Engaging in an active dialogue with users by sharing ideas and concerns helps create a sense of ownership and a long-term mutually beneficial partnership.
Prioritize by team
Since our development teams choose to use Agile methodology, we have a lot of experience using Agile to prioritize requirements. Depending on the complexity of the team and the product developed, we use Agile for small, medium and complex projects.
For smaller projects, it’s easier to view work items as a flat list, ordered by priority. The team just takes the highest priority tasks from the top of the list one-by-one, and you decide when to make a release based on how many features are already implemented. You can organize work by categorizing tasks as low priority, standard, or even red alert. These will be prioritized accordingly.
Developers pull the tasks from the top of the pool or drop all activities for emergency tasks. Teams aim at limiting work in progress and producing tangible results as fast as possible. This increases delivery predictability and productivity. You will also get rid of aging tasks and remove them from the backlog (they went long enough without being delivered, and no one died). If they become relevant again, just add them back to the backlog.
For medium-sized projects that have larger scope and longer timeline but still just one team, a bit more planning might be required. In that case, it makes sense to plan the work using short iterations of a fixed duration. You still work with the list of tasks as in the previous case, but the team has a dedicated planning session for each iteration. And once such iteration has started, its scope cannot be changed.
Also, for medium-sized projects it is quite typical to have multiple project stakeholders. All of them can add requirements to the stack. But we recommend designating a single product owner who will be the final authority representing all the stakeholders and responsible for requirements prioritization.
For large projects in scaling situations, we use planning on two levels: shorter iterations resulting in a build for internal review and longer releases, resulting in a new version available for the public. Typically, there would be a single common feature list on the release level and multiple task lists on the iteration level, one for each of the teams involved.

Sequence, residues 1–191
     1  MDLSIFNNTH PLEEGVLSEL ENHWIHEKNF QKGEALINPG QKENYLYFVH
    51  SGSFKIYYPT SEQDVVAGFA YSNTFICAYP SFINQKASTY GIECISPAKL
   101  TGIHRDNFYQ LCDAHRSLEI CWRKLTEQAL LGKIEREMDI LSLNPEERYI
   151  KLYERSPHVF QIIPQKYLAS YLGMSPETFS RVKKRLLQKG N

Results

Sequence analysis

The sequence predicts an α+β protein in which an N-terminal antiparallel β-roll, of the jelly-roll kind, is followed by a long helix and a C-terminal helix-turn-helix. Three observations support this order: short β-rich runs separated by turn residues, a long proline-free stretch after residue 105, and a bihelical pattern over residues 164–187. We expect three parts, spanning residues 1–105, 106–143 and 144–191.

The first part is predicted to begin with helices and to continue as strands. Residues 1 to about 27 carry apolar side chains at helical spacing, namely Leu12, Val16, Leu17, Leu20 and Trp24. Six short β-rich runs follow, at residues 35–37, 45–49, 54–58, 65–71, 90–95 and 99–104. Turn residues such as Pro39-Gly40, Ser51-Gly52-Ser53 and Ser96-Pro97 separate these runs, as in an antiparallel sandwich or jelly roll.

Also, since it becomes increasingly difficult to prioritize tasks, we recommend using ranking formulas, taking into account not only the business value but also time criticality, job size, and technical risks.
3. Develop the solution
When developing the solution, we pay attention to short delivery cycles with almost immediate user feedback, syncing with vendors and ensuring the additional functionality doesn’t come into conflict with the main one.
Deliver fast, Get feedback
To make our delivery cycles short, we use MVPs, or minimum viable products. These are versions of future products that include a minimal set of features but allow us to make value propositions and target early adopters.
When developing only core value features, we don’t overbuild first releases, reduce rework, and make development efficient by avoiding feature stuffing. MVPs also help us get early customer feedback, focus on improving critical business features, and fix bugs without fuss. Clean and simple products are also faster to release.
When you use short delivery cycles to make small MVPs, you have a chance to test it on users, and based on their feedback, prove the world needs your solution. Some vendors make “silent” releases daily, introducing small improvements, fixing bugs, extending functionality, etc. Such releases usually go unnoticed by the general public and require additional efforts from vendors, but those efforts always pay off. For instance, here at Itransition, we perform regression tests for the growing volume of previously implemented functionality to ensure frequent releases. We automate the process so that the volume does not negatively affect the speed of the regression test.